Testimony of Steven Nadel, Executive Director, before the House Science Committee, on Energy Efficiency and Renewable Energy for Meeting Future National Energy Needs

May 19, 2004

Thank you for the opportunity to speak with the Subcommittee this morning. My name is Steven Nadel, and I am Executive Director of the American Council for an Energy-Efficient Economy (ACEEE). ACEEE is a national nonprofit organization dedicated to advancing energy efficiency for economic prosperity and a cleaner environment. Established in 1980 to build bridges among the very different worlds of energy efficiency technology research, state and national policymakers, and energy consumers, ACEEE conducts research, publishes reports, holds conferences, and provides information to policymakers around the country and the world.

I have been asked by Chairman Biggert to speak with you today about three subjects: (1) a brief overview of expert opinions on today's energy situation and projections for the next 20 years; (2) the potential contribution of energy efficiency and renewable energy for meeting future national energy needs, and the impact increased efficiency would have on natural gas markets; and (3) federal and state policies that have been successful in encouraging efficiency and renewable energy, with an emphasis on research and development (R&D) programs, the subject of today's hearing.

As you are aware, energy price and supply are front-page issues today. Gasoline prices have hit record levels this month, following on the heels of record natural gas prices. Economic and energy experts from Chairman Greenspan on down are now saying that these higher prices are expected to stay high for years to come, as rising energy demand outstrips national and world supply systems. Clearly, there has never been a stronger imperative for a new commitment to energy efficiency as part of a balanced energy policy.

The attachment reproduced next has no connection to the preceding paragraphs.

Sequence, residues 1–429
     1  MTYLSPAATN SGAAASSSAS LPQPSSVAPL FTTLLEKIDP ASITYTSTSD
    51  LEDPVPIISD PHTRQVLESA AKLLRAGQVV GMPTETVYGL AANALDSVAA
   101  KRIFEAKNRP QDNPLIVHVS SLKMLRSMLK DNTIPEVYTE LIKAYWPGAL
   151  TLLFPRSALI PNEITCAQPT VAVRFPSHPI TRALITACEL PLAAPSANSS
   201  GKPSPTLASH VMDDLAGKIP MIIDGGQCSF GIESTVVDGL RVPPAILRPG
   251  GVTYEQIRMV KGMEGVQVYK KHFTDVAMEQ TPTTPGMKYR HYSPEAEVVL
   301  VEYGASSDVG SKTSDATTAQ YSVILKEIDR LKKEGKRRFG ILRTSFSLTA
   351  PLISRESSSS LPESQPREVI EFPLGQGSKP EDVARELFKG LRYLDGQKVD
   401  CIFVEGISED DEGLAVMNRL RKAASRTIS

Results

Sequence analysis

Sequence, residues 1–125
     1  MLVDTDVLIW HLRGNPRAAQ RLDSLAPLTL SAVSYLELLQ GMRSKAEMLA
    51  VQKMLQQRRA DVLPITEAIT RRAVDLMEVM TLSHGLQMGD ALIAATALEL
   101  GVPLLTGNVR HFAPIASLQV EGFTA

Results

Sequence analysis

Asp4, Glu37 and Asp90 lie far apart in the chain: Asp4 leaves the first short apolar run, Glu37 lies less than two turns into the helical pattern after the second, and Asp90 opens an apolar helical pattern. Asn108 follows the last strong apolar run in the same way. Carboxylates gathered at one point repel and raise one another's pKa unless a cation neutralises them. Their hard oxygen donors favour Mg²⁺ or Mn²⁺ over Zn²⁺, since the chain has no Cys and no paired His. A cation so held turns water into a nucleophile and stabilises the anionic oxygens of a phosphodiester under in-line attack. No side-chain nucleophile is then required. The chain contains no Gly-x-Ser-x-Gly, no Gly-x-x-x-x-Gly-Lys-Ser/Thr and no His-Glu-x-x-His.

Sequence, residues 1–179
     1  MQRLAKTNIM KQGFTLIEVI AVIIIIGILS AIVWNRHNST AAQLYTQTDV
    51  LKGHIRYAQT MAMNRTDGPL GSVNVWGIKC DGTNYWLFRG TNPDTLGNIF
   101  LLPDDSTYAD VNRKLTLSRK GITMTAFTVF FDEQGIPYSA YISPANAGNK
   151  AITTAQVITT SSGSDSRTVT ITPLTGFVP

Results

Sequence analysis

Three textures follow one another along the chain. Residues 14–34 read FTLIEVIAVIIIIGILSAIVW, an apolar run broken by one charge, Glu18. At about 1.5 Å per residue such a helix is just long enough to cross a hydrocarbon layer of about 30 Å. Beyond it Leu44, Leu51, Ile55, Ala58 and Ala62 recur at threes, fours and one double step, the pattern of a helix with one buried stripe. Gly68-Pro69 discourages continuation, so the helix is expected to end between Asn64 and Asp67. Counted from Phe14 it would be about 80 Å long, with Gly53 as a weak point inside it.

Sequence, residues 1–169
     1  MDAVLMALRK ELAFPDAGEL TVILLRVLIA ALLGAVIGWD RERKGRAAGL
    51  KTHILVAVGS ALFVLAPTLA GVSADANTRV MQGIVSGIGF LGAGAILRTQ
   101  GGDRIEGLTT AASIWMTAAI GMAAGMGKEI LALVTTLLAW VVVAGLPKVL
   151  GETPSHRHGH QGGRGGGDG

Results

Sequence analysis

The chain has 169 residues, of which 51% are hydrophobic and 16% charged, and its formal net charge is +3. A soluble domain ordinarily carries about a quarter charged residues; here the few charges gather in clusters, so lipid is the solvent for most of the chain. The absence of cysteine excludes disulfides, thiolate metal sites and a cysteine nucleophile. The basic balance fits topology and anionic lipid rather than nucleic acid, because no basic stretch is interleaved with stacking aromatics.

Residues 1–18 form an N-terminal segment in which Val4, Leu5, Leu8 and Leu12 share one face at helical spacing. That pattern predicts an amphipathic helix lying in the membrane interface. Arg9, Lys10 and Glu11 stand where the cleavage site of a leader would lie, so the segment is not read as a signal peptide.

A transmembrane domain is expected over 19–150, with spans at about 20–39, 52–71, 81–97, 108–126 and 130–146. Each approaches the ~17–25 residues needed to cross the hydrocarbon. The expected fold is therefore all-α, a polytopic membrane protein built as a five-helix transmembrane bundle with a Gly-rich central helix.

Fortunately, there is a large potential for cost-effective energy savings. Many recent studies indicate that cost-effective energy-efficient technologies and practices could reduce U.S. energy use by 20% or more. Recent research by ACEEE on natural gas markets indicates that even achieving a fraction of these savings would reduce natural gas prices by about 20% — markets are so tight now that even modest demand reductions would have substantial price effects.

In order to realize these opportunities, we recommend five key policy initiatives:

  • 1. Promote substantial improvements in the fuel economy of passenger vehicles.
  • 2. Work with states to substantially expand utility and state energy efficiency programs.
  • 3. Work with industry to establish and implement expanded voluntary energy efficiency commitments.
  • 4. Expand and update federal equipment efficiency standards.
  • 5. Expand federal R&D and deployment programs.

Regarding energy efficiency research, development, and deployment (RD&D) in the United States, our research indicates that a renewed commitment to efficiency RD&D is critical to the nation's economic future and to meeting the environmental challenges we face in air quality and global climate change. We are concerned, however, that declining federal funding for efficiency RD&D in recent years dims the prospects for economic recovery and falls far short of the level needed to respond to the climate challenge. In fact, the overall downward trend in efficiency RD&D may be approaching the point where basic U.S. infrastructure for producing new energy efficiency technologies will be crippled.

In the balance of my testimony, I will expand on each of these points.


Testimony of Steven Nadel, Executive Director, before the House Science Committee, on Energy Efficiency and Renewable Energy for Meeting Future National Energy Needs

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